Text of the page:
The image is placed within a prebuilt feature of Swift called a UIscrollView. This allows for the zooming and panning of the image placed within. Zooming uses the iOS standard gesture of pinching; spreading the fingers to zoom in, and bringing them together to zoom back out. Panning, again, is another standard gesture where the user holds and drags the image once zoomed in. The image moves with their finger as they *drag* the document about giving a very tactile and fulfilling experience. Scroll and zoom bouncing have been disabled so that users can’t scroll past the edges of the picture, or zoom too far out of the picture. Scroll/ zoom bouncing are the built in features of iOS which allow the user to scroll further than the page/image so that it bounces back to the edge. We also enabled features such as ‘double tap to zoom’ which should be intuitive to many iOS users as it is another standard feature of the operating system.

[0 :17] In the top left corner on the navigation bar, a burger icon (three horizontal lines) is placed which toggles the appearance of the filter menu. This placement and icon have been chosen as they have become synonymous with activating a menu or navigation feature in many other applications. We wanted the app to appear familiar to the user so that it was intuitive how to use its features.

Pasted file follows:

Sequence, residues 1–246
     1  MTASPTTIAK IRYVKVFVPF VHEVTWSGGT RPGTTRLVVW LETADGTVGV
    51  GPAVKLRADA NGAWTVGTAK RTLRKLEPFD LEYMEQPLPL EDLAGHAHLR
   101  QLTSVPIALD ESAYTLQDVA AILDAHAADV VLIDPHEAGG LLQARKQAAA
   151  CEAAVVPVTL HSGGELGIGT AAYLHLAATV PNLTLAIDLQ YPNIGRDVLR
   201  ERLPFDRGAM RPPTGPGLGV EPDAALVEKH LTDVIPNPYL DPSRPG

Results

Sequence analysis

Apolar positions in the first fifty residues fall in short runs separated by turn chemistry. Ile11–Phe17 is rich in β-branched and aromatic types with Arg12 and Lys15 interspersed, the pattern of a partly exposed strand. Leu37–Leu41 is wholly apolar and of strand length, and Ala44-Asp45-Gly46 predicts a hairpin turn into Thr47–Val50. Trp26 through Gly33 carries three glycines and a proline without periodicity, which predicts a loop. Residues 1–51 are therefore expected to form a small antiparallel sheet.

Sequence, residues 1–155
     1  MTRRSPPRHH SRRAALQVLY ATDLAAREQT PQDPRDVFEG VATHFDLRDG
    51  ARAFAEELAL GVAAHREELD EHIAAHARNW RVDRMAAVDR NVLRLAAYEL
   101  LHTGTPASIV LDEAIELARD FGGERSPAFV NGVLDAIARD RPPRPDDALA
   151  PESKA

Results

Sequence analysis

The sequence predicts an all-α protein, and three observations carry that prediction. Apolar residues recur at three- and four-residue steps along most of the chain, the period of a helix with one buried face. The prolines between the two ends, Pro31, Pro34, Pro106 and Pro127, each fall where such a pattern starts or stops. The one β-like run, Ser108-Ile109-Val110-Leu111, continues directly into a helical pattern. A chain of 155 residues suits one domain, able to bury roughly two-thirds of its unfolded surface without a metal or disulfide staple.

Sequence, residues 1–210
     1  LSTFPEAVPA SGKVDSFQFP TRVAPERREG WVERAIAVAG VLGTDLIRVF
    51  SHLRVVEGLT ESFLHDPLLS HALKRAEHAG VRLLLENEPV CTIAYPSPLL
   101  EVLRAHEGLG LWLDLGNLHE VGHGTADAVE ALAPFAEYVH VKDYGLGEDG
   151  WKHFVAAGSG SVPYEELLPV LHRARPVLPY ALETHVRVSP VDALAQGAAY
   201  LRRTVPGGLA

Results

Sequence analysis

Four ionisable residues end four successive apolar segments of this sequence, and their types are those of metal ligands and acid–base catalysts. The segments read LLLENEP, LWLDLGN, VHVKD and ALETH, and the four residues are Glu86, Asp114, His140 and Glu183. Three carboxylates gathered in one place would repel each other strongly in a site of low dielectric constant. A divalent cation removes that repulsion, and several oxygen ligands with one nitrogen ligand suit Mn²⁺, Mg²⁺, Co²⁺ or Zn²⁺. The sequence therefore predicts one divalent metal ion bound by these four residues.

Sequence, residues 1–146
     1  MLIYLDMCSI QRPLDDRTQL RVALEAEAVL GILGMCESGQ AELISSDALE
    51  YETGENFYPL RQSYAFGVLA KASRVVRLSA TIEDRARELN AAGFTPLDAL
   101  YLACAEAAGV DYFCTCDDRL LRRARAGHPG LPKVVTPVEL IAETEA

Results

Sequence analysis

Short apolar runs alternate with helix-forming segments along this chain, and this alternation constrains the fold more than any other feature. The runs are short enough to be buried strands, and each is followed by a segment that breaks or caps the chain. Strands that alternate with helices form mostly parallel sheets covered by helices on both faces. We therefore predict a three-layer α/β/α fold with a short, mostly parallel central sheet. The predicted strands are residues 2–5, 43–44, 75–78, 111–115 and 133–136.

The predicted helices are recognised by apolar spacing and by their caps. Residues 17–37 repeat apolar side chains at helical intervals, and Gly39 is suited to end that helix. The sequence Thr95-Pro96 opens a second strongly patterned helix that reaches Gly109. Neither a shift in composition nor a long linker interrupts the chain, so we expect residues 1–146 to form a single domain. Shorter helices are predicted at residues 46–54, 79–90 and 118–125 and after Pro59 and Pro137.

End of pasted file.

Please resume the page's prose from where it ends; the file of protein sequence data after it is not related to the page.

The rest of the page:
The menu feature is a splitViewController. To the layman this is a view which appear only over part of the screen. When opened, the menu covers approximately the left 2/5 of the screen, so that the Magna Carta image is still visible on the right. The menu consists of a list of words and icons which are categories for common themes within the document. As well as the themed category filters, there is an option to show all clause overlays (like when the app first starts up) and to hide all the overlays. Hiding the overlays lets the user explore the document in its full glory without any distracting coloured overlays blocking their view. The icons are symbolic of the menu feature they represent. For example, the ‘church’ category has an icon of a church next to it – anchoring the text and its meaning. Some icons are more symbolic. For example, the ‘all’ option has a quill which is symbolic of writing. The icons are very simple images which are clear and easy to distinguish. They add yet another aspect of familiarity as many other Apple lists (in menus and such) are often accompanied by iconography to help enforce the meaning the button.